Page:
Max Verstappen won an intense race-long battle with Charles Leclerc to take his first victory of the season in the Saudi Arabian Grand Prix.
The Red Bull driver passed the Ferrari with four laps to go after the two had duelled during a tense race.
The battle occasionally bordered on farce as the two slowed down almost to a stop at times to try to work the DRS overtaking zones to their advantage.
But Verstappen edged it by 0.5 seconds after making the decisive move.
The two were in a league of their own out front as Ferrari’s Carlos Sainz and Red Bull’s Sergio Perez took third and fourth.
George Russell finished fifth for Mercedes, ahead of Alpine’s Esteban Ocon and McLaren’s Lando Norris.
Lewis Hamilton recovered from starting 15th to finish 10th.
The excitement meant a difficult weekend for F1 ended on a high, but the drivers and other senior figures unnerved by Friday’s missile strike on a nearby oil depot are unlikely to allow the sport’s bosses to forget what has been an uncomfortable three days in the desert.
How did Verstappen come out on top?
Just two races into the season, it already feels as if this year could distil, like last one, into a two-horse race, with Leclerc replacing Hamilton as Verstappen’s main rival.
Leclerc moved to the front after Ferrari appeared to trick Red Bull into making a pit stop with Perez, who started from pole and led the early laps.
A radio conversation asked Leclerc to “push to box” but he stayed out as Perez pitted. After the race, Leclerc said the team had agreed to do the opposite of Red Bull, who said their plan had always been to pit that lap. So Leclerc stayed out.
Ferrari’s plan was now to run longer and make ground with what they hoped was Leclerc’s extra pace.
But events came to Leclerc’s aid as Nicholas Latifi crashed his Williams and brought out the safety car on the next lap, gifting Leclerc, Verstappen and Sainz a ‘free’ stop and dropping Perez down to the fourth place he would retain to the end.
Leclerc nailed the restart and retained the lead. For lap after lap, Verstappen trailed him, at about 1.5-second distance, but Leclerc appeared to be able to hold him at bay.
But a virtual safety car period with 12 laps to go changed the race, as a result of a bizarre sequence of events as first Daniel Ricciardo’s McLaren and then Fernando Alonso’s Alpine ground to a halt in the entry to the pit lane.
On the restart, Verstappen was suddenly on Leclerc’s tail and the Ferrari driver could not shake him.
At first, Leclerc tried the same tactics that won him the first race of the season in Bahrain, letting Verstappen pass him at the end of one DRS overtaking zone – at the last corner in Jeddah – so he could have the boost from the DRS aid down the pit straight into Turn One.
That worked on lap 42 into lap 43, after which Leclerc set the fastest lap trying to break away from the Red Bull.
And the next time around, both slammed on the brakes into the last corner – Verstappen locking all four tyres – as they played chicken with the DRS trigger line.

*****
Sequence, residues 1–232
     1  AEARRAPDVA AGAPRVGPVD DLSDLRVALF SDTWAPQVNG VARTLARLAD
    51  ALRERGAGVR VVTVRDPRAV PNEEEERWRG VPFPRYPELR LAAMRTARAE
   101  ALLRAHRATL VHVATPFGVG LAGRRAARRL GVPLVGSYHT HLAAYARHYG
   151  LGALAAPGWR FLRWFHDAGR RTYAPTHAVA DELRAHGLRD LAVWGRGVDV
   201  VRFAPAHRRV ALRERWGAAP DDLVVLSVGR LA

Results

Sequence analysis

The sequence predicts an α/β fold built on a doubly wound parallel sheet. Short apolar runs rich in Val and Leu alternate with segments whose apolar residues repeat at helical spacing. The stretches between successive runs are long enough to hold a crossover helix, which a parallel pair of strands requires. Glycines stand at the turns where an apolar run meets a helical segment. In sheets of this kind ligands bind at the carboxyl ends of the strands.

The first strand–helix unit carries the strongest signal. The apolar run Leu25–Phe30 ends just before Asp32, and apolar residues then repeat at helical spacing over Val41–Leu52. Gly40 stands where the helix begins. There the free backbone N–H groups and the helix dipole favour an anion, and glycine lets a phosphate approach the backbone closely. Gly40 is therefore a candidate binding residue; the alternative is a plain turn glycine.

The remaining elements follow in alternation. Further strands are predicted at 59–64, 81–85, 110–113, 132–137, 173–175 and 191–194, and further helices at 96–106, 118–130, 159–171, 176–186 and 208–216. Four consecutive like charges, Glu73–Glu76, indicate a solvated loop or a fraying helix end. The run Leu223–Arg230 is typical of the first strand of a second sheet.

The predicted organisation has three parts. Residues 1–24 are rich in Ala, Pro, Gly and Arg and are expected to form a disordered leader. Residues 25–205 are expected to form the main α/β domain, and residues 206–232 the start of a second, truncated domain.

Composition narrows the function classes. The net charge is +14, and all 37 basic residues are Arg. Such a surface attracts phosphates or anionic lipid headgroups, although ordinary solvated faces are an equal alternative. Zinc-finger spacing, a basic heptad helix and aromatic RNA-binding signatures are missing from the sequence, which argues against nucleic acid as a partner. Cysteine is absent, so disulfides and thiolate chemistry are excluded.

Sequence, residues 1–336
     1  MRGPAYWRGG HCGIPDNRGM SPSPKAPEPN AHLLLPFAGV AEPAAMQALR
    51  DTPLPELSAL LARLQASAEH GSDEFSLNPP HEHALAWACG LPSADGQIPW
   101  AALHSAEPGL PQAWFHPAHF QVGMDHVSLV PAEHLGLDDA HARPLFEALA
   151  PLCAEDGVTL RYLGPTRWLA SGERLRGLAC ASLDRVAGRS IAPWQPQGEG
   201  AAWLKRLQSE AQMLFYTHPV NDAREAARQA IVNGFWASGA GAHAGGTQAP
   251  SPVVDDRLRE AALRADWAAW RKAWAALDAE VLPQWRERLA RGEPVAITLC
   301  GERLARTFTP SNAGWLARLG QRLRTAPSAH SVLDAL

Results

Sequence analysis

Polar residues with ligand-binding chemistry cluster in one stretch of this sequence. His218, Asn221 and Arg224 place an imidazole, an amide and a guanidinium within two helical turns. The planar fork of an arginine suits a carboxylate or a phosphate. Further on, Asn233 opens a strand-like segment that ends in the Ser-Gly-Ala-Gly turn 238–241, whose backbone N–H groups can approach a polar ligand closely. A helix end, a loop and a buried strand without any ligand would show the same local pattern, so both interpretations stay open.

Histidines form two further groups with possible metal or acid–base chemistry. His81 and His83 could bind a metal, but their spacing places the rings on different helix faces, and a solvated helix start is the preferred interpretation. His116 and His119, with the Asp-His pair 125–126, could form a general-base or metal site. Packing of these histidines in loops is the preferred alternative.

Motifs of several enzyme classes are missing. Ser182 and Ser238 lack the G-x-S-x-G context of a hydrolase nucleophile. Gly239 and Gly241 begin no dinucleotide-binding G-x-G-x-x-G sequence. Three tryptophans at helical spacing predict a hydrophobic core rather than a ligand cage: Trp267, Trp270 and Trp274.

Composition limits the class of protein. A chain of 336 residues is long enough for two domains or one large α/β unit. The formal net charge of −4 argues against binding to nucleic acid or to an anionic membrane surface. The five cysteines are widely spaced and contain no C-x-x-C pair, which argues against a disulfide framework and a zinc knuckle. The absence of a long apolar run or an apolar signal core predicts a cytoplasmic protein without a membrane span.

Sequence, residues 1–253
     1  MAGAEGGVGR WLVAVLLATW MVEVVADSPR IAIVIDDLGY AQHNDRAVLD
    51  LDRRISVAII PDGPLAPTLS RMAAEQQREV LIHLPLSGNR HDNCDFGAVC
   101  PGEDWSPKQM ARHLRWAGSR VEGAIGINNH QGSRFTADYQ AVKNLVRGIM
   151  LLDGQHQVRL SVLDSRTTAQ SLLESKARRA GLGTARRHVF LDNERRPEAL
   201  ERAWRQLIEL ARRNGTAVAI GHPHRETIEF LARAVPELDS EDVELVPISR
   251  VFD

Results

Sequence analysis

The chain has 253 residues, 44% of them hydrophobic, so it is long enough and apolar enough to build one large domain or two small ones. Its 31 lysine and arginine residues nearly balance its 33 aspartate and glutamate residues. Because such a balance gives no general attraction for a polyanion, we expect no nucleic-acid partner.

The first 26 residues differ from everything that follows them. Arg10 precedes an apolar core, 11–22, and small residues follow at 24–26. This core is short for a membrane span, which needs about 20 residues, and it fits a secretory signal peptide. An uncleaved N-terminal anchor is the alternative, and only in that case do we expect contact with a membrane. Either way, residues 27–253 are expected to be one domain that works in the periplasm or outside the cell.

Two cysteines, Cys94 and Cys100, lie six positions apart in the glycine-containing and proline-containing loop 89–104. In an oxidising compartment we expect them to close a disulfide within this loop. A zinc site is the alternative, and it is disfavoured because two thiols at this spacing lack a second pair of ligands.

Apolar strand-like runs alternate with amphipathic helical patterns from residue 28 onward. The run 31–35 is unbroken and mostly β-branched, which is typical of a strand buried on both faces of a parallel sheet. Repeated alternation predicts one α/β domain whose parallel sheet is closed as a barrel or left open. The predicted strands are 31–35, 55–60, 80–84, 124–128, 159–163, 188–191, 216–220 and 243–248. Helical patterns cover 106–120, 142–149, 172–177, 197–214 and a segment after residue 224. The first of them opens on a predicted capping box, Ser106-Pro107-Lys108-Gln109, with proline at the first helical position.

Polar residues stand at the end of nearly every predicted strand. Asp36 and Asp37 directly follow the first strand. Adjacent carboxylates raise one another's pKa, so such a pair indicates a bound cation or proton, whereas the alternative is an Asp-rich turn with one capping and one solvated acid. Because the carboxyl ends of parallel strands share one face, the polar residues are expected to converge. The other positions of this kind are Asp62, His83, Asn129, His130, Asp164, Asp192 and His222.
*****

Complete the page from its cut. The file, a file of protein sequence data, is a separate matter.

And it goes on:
But Verstappen came back at him. At the end of lap 45, Leclerc made an error into the last corner and lost a little time.
Then, on the following lap, they were again together into the final corner.
Verstappen rounded it on Leclerc’s tail, an oversteer snap slowed the Ferrari’s exit, and the DRS overtaking aid did the rest, Verstappen moving past down the straight with the final pass of the race.
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Behind the big two
Perez was unlucky to lose out with the safety car.
The rest of the race suggested he did not have the underlying pace to hold Leclerc, and Red Bull would surely have ordered him to let Verstappen by had the Dutchman been behind him.
But he also lost out to Sainz by the closest of margins.
As Sainz exited the pits, he was marginally ahead of Perez at the safety car line on the track. Perez moved ahead on the exit of the corner, but this was against the rules, and Perez had to cede position on the restart.
After that, it was a lonely race for the second drivers of the top teams, and also for George Russell in the Mercedes, comfortably clear of the midfielders but unable to challenger the leaders.
Hamilton at one point looked as if he might finish sixth or seventh, had things gone his way.
The caution period he was awaiting with his long first stint did happen. The team called Hamilton in, but seeing Alonso’s car moving slowly and double waved yellow flags, he did not know whether he could overtake.
He slowed and lost nearly six seconds and also decided not to pit, which meant he had to wait another two laps until the virtual safety car ended to pit.
The dropped him to 12th, but he passed a couple of cars in the final stages of the race to take the final point, behind Alpha Tauri’s Pierre Gasly and Haas’ Kevin Magnussen.
Alonso and Alfa Romeo’s Valtteri Bottas were also on for decent points hauls before their mid-race retirements.